Oh how sweet and simple. Such a delight. Baby Girl and I ventured to Bounce and Rhyme at our local library for the first time two weeks ago. I have to think really carefully before I open my mouth when I say ‘Bounce and Rhyme’ because for some reason my naughty brain insists on calling it ‘Bump and Grind’, which is something altogether different.
So there, in the children’s section of the library, on the alphabet carpet and next to the fire engine book box sat mums and tots ready for the arrival of Karyl and her bag of bells.
Karyl is an amazing older lady who has a fantastic knack of remembering all the babies’ names. She’s a librarian like any other during the week but for half an hour on a Monday afternoon she’s the lovely lady with the songs, the smiles and the magical bag of jingles.
I was actually quite nervous at first. How on earth was I going to know all the words to the songs? Was I going to feel stupid and awkward? But I needn’t have worried. It was a very laid back affair and the other mums sang with unexpected gusto so my blank spots were easily covered.
I’d not sung nursery rhymes for years, not since my own childhood. But wow, did the memories and the lyrics come flooding back! The Wheels on the Bus, Hickory Dickory Dock, Twinkle Twinkle Little Star. The tumbled from the tip of my tongue as if they’d been waiting there to leap out for the past 30 years, finally free again.
As we sang I got to thinking how bonkers and positively baffling some of these songs actually are. They raise so many questions, the majority of which Wikipedia makes only a half-hearted stab at answering with most explanations touching on ancient political scandals. My questions have included: why is Humpty Dumpty depicted as an egg when there’s no actual reference to him being one in the song? What is a hickory, a dickory or a dock for that matter? Why on earth do we sing to our children about a violent goose who flings people down the stairs for not saying their prayers? And who was Wee Willy Winky and would you really want him knocking at your child’s bedroom window to check if they’re in their bed?
The questions get even more bizarre when comparing my husband’s French versions of songs to the English ones. For example, why, when it is clearly Old MacDonald who has a farm, does John the Baptist happen to have one in France when most people will agree that ol’ JtB was probably a vegetarian and was highly unlikely to have farmed cows and chickens not to mention the cloven-hoofed pig?
And then there were a few Scottish songs that baffled me that day – something about Coulter’s Candy plumping up a thin girl who’s described as a bag of bones? It was a new one to me and I wasn’t too sure whether post-millennial children should be being encouraged to scoff sugary treats to ‘get a double chin’ but, hey, the tune was catchy.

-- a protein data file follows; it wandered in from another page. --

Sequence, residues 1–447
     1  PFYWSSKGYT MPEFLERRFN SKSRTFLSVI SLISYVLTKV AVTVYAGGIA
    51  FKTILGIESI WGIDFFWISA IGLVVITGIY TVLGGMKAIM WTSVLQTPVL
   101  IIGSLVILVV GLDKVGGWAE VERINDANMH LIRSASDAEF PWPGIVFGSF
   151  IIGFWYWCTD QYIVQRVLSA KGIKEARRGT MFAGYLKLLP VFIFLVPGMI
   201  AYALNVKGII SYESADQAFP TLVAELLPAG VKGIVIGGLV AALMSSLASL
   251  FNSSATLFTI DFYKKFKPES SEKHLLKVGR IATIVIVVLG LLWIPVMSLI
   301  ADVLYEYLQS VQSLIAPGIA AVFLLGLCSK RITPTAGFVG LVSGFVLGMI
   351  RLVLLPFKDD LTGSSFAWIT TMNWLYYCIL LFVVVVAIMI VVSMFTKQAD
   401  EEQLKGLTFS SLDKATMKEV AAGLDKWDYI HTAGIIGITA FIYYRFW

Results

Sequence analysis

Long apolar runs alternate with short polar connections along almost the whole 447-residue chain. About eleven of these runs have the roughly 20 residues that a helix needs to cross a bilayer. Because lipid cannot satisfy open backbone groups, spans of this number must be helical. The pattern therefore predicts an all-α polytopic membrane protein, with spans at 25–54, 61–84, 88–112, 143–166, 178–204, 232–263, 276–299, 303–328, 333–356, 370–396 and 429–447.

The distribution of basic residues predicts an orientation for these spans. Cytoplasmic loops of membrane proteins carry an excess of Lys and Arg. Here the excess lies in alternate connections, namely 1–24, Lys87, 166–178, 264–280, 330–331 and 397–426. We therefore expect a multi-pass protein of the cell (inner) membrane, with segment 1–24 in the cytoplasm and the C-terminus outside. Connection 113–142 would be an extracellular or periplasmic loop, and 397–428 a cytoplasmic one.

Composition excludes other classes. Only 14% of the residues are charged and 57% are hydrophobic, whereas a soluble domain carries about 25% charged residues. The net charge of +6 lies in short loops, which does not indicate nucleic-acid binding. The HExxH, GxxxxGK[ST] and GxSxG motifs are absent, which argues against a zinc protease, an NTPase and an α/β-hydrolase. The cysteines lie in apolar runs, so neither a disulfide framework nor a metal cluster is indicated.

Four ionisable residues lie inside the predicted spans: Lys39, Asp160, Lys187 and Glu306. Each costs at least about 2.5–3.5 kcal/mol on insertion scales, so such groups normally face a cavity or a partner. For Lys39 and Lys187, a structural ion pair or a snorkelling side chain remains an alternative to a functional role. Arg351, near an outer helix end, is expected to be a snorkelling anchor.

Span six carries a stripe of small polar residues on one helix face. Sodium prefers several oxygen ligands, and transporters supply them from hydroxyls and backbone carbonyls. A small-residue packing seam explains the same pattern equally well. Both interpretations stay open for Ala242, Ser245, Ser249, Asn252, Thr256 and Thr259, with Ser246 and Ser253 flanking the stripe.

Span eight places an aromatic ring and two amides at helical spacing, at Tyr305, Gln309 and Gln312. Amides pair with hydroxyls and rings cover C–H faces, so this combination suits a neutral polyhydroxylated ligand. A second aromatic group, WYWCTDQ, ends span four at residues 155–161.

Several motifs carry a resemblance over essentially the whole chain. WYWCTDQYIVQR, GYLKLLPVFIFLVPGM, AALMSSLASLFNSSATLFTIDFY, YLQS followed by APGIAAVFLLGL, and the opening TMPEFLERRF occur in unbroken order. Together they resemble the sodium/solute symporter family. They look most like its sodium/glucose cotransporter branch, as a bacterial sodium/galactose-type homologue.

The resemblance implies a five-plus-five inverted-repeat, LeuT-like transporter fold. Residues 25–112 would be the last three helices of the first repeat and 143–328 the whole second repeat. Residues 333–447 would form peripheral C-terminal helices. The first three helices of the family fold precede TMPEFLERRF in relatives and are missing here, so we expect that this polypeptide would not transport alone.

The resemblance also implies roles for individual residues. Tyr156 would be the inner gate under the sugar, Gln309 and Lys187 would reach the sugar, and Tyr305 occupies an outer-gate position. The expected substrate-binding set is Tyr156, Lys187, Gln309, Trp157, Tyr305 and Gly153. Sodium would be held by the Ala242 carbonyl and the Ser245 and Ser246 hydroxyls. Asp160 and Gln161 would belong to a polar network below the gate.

And herein lies the magic: Baby Girl absolutely loved the action songs and her gorgeous newly-found baby chuckle burst out of her little lungs on a number of occasions making my heart soar. We could have been singing about the ins and outs of the stock exchange for all she cared but so long as there were actions and great melodies she would have been happy. And after 30 short, sweet minutes our time was nearly over and it was time to sing the Goodbye Song. This song involves going around the circle and singing each child’s name as the previous child invites them out to play. I could see now why Karyl was so good at remembering everyone’s names. I was concentrating so hard on getting the other children’s names right as the song’s focus slowly progressed around the circle towards us that a lapse in concentration saw me tripping over my words and choking back some tears.
It wasn’t the beauty of the song or the daintiness of the bells. It was something that creeps up on me now and again. As we’d been singing and jingling, the library’s fancy flat screen TV behind Karyl had been displaying BBC News 24. As the child before us was about to ‘ask us out to play’ at the end of this simple pleasure of Bounce and Rhyme, I glanced up and saw the heartbreaking image of a Syrian mother cradling her deceased child, swaddled in white grave clothes in amongst a row of other lost sons and daughters.
My voice cracked, I lost my flow and I was struck to the core. Instead of seeing a far-removed news image of suffering, framed in BBC red… I saw the grief. I felt the stab. The tears came from deep down. Nobody ever tells you that this motherhood thing comes with such a fizzing bag of emotion. It brings an awful (in the old sense of the word as well as the new) connection to other people’s children, mothers, their suffering, their grief; such a raw empathy that threatens to consume you if you let it. I’ve a feeling this doesn’t go away so it’s something I want to use and channel rather than quell, if only I knew how to harness it and help.
And there on the alphabet carpet next to the fire engine book box I squeezed Baby Girl a little closer and thanked God for my simple, protected life full of little pleasures like Karyl, her amazing memory, her bag of bells and the joy of a few silly songs that no-one could remember the meanings of.
Later on, when we were home, I stumbled upon a wee Glasgow charity of mums who have harnessed and are helping. They’re very new, but very real and their name? It’s perfect: Because I am a Mother. They stirred their stumps to help mums in Scotland and Africa by selling low-cost baby items to mums in Glasgow to then help mums, especially in childbirth, in Africa. I don’t know them but they are an inspiration. And so… as I hum The Wheels on the Bus one more time as I type… I look to stir my own stumps in some way. Perhaps you’d like to take a look at what they’re doing too? I’m sure there are many other places like this across the world but I’m sure there’s room for one or two more. Mums are great like that. I’m still learning.